The North Carolina Railroad was incorporated to run trains from Goldsboro to Charlotte. A direct route would have sent the railroad south of most population centers including Durham, Hillsborough, and Greensboro. The northern route traveled along ridge lines and crossed shallow valleys. In 1854, the railroad reached Alamance County and crossed the Haw River at a site provided by General Ben Trollinger. Shortly thereafter the track reached the mid-point at a site chosen for repairs and named simply, “Company Shops”. Company Shops later became the town of Burlington.
Cram’s Rail Road and County Map of North and South Carolina. Textile Heritage Museum, Glencoe. Photo: Gary Mock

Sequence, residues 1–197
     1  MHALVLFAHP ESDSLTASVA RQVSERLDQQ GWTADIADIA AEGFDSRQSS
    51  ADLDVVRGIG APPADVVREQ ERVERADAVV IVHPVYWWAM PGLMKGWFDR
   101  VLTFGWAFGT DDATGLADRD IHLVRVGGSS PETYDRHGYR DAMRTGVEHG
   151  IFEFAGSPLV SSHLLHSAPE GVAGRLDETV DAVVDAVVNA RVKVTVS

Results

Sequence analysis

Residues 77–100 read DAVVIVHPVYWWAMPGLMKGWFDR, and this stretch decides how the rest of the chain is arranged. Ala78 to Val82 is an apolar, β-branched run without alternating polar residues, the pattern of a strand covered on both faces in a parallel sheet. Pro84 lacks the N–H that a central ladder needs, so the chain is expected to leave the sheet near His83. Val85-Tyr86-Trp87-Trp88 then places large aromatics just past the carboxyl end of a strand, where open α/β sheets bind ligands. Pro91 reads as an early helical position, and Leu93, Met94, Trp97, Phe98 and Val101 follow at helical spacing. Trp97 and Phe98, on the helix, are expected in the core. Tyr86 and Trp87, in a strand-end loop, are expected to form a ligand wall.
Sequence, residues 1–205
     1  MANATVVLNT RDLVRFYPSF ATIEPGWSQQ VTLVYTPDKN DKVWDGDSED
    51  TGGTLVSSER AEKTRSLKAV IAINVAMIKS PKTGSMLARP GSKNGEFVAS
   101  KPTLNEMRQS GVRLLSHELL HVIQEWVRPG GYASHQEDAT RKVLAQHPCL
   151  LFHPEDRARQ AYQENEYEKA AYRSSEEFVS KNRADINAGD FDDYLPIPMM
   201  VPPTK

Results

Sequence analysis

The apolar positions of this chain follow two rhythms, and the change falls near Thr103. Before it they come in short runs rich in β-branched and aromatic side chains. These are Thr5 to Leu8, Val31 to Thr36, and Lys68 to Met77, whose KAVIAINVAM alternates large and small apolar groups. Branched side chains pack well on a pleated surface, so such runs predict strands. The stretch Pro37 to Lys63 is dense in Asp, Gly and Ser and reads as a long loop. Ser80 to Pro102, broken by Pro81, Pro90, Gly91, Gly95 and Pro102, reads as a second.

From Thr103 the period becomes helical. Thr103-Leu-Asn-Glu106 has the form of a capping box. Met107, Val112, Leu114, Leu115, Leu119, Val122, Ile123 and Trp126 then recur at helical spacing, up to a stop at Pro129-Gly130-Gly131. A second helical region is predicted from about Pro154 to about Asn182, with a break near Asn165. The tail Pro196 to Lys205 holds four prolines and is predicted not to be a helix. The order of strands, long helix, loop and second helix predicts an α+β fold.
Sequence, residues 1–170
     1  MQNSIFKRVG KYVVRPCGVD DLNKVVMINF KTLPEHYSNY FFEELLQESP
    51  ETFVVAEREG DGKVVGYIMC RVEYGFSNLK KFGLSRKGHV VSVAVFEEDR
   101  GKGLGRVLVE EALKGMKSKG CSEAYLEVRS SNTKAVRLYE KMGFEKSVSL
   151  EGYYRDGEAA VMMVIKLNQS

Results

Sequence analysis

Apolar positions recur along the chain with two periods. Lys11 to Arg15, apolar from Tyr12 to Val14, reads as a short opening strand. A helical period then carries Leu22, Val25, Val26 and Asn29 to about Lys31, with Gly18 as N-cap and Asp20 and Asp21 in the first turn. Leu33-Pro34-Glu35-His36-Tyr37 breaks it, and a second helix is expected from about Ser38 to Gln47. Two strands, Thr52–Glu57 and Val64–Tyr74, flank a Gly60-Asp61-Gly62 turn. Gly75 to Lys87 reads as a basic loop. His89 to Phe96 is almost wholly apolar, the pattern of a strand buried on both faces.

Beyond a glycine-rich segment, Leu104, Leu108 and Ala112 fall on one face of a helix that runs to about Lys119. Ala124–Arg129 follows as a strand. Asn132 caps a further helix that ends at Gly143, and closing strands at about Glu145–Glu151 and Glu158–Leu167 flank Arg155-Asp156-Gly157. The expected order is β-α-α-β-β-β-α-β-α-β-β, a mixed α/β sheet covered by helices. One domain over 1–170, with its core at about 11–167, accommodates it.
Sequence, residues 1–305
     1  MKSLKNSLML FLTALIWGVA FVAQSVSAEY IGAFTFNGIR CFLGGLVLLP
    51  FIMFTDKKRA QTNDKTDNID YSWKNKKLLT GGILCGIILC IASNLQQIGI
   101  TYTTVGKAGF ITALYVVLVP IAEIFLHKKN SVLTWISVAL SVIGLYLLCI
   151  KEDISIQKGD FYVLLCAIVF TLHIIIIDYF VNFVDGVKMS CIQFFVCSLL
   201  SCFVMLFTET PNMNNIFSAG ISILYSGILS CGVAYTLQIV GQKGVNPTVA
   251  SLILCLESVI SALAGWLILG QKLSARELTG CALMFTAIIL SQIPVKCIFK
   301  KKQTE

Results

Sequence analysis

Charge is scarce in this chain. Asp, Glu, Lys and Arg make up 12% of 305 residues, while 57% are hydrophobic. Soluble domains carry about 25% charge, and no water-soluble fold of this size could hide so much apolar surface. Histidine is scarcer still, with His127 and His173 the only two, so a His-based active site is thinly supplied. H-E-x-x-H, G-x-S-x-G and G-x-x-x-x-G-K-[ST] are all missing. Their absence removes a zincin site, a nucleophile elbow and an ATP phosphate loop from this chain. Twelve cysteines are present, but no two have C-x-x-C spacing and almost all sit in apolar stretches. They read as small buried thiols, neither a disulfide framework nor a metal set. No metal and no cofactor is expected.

The route along the piedmont would connect the sites where water-powered mills would be built and allow their products to reach northern markets. Earlier routes extended to Norfolk and Charleston. Routes connected to Wilmington and later Morehead City. Later, coal arriving from the West Virginia mills would power new mills no longer dependent on water power.
Anyone doubting the importance of the railroad to commerce need only look at this Glencoe Mills check dated April 6, 1884. Check on display at Textile Heritage Museum, Glencoe. Photo: Gary Mock